SAINTS’ first day summary?

Much better than expected, but still a lot to do.

Though naturally excited about the beginning of a new season, there was a sense of trepidation as well as anticipation for most Saints fans as they entered St Mary’s on Saturday.

That may well have been the case for the club’s hierarchy and maybe even Alan Pardew.

Pre-season had shown us that strides were being made in the right direction but there was no doubt Saints were not fully prepared for the curtain-raiser.

That is not the fault of anybody at the club, not players, backroom staff or management.

Rather it was a natural consequence of the takeover dragging on for so long.

Key players had left, potential signings had been missed and Pardew had weeks rather than months to assemble a squad ready for League One battle.

The Millwall game was always arriving too fast on the horizon.

So, with an incomplete squad, Pardew had to do the best he could and rely on the players he has got to perform at a good level.

Happily, both occurred.

Saints looked organised and disciplined, a sure sign of Pardew’s stamp on things.

They were defensively pretty solid if not the finished product; in midfield they had a decent blend, even if they were a little unbalanced and short of a bit of pace and width; and up front they gave a decent fist of it considering they only had two senior strikers.

So all in all a draw was a decent result, particularly when you take into account that they were facing a Millwall side who are one of the best teams in the division and got to last season’s play-off final.

Though there is still a lot to work to be done, particularly in terms of player recruitment, the performance was very encouraging.

Those running the club have promised more signings, and we have no reason to disbelieve them.

But they could do with delivering them quickly because the squad is so threadbare it is worrying.

If you have seven subs and can’t name a single striker you have problems.

Likewise at centre half where there are only three possibles.

It’s not clearly not enough.

These first few weeks will continue to be testing but Saints should take confidence from their opening day draw.

Alright, we know Saints play better against better footballing sides which Millwall are.

We know the real test will come when they face a physical side who turn up to defend deep and play for a draw.

They have been appaling breaking those sides down the last few years and that is the true measure of progress.

The same could be said of Morgan Schneiderlin.

He was excellent against Millwall but on a sunny afternoon in August, on a pristine surface, against a team prepared to give him a measure of time to play is his conditions.

He needs to show he can still play on a wet night, on a cut up pitch, against opponents who kick him to bits to show he’s improved what he needed to improve.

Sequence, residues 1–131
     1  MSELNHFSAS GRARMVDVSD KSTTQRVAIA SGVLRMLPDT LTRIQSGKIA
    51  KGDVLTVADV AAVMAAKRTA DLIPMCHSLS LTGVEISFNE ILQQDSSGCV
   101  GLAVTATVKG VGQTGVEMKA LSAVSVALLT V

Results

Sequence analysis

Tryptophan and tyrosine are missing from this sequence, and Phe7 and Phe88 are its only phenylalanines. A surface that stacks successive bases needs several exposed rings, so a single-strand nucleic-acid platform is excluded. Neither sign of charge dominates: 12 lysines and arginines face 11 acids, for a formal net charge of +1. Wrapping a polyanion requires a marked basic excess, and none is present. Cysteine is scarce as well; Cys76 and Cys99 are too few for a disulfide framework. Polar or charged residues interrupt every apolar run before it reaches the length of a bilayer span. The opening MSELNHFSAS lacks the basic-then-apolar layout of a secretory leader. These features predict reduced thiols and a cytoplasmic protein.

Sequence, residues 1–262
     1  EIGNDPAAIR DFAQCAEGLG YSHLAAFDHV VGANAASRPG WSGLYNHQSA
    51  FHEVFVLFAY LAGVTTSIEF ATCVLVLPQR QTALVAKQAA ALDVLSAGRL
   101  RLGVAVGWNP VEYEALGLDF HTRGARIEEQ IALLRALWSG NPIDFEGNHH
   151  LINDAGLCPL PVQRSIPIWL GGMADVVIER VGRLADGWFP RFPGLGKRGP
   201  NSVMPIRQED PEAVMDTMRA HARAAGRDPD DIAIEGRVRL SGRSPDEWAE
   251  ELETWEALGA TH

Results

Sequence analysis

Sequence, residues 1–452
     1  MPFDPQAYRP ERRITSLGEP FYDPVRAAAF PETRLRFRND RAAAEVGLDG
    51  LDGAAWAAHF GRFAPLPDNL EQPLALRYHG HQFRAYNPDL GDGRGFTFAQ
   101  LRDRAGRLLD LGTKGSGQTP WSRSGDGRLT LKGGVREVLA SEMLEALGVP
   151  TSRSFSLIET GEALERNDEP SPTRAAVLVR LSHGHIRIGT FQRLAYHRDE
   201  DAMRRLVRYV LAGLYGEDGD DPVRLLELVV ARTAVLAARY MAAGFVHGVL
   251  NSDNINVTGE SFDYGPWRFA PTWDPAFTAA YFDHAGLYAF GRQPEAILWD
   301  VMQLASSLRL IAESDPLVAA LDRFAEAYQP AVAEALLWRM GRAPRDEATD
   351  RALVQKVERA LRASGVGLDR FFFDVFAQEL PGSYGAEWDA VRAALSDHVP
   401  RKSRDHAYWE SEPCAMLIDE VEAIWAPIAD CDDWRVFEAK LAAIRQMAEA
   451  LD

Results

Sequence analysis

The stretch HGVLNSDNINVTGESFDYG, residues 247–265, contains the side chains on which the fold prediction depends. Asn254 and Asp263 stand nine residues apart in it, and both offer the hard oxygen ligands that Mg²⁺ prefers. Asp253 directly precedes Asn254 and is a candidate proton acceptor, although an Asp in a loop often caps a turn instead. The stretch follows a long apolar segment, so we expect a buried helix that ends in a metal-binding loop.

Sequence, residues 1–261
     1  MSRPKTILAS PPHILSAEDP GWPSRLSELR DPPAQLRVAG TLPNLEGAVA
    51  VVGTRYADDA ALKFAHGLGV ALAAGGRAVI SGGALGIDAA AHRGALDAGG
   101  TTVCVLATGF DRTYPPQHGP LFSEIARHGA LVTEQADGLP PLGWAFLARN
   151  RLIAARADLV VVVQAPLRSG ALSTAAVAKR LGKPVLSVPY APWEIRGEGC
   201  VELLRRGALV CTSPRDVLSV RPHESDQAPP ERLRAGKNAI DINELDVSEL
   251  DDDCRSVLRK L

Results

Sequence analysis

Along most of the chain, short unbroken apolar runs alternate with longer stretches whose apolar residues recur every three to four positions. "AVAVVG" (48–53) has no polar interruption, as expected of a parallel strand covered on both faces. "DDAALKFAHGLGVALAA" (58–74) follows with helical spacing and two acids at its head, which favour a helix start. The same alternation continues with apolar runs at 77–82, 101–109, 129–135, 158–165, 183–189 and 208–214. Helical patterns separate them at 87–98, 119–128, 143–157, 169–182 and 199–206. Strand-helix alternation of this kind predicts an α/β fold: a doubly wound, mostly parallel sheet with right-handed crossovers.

But you can’t criticise Saints for games they haven’t played and in the one they have they did pretty damn well.

In a first half of few chances, two moments of inspiration from Schneiderlin almost broke the deadlock.

Twice he saw the keeper off his line and twice attempted lobs from distance. The first, about 30 yards out on the right touchline, saw David Forde scramble back to turn over the bar. The second, from not that far into the Millwall half, dipped just over.

Elsewhere Chris Perry drilled a low Adam Lallana corner just wide while the Saints defender also battled bravely to prevent Gary Alexander scoring from close range just before the break.

Saints gained more confidence in the second half and took the lead six minutes after the restart.

It came from a throw down the right, the wing on which Saints were stronger having had to ask Lallana to play on the left because of an injury to Joseph Mills.

After it was half cleared Perry headed back into the box where it found its way through to Matt Paterson who took a touch and expertly chipped it over Forde.

Millwall appealed for offside and, though Paterson was on for Perry’s header, it may have flicked Marek Saganowski on the way through – in which case they had a point, but it was a difficult one for the linesman to be sure on.

The Lions could scarcely complain when they had a refereeing decision of much greater generosity a short while later.

There were penalty appeals for handball against Wayne Thomas waved away as he fell on the ball in a challenge but a spot kick was awarded as he chased Jason Price away from goal only for the Millwall man to go down under minimal contact.

What ensued was a crazy few minutes.

Kelvin Davis saved Alan Dunne’s weak penalty low to his left and then produced a brilliant reaction save from from Price’s follow-up.

Davis was trying to calm down the Saints celebrations and was busy telling players to stay switched on, which they didn’t.

The resulting corner was met by Steve Morison but a combination of Dan Harding and the outside of the post got it behind.

If one free header was bad enough another two followed and it cost Saints a goal.

A deep corner this time was headed back by Alexander to Nadjim Abdou who produced a quality finish from a standing start to loop a header into the top corner from 12 yards out.

In the closing stages it was Millwall on top.

Over the last few seasons you sensed Saints would have caved in and lost, but not this time.

They stayed strong and showed resilience and earned a point they deserved.

It was good to see, a pleasant surprise in some ways. And it gave you a sense that if Pardew is handed the tools he requires then there might just be something to get excited about this season, even with a ten point deduction.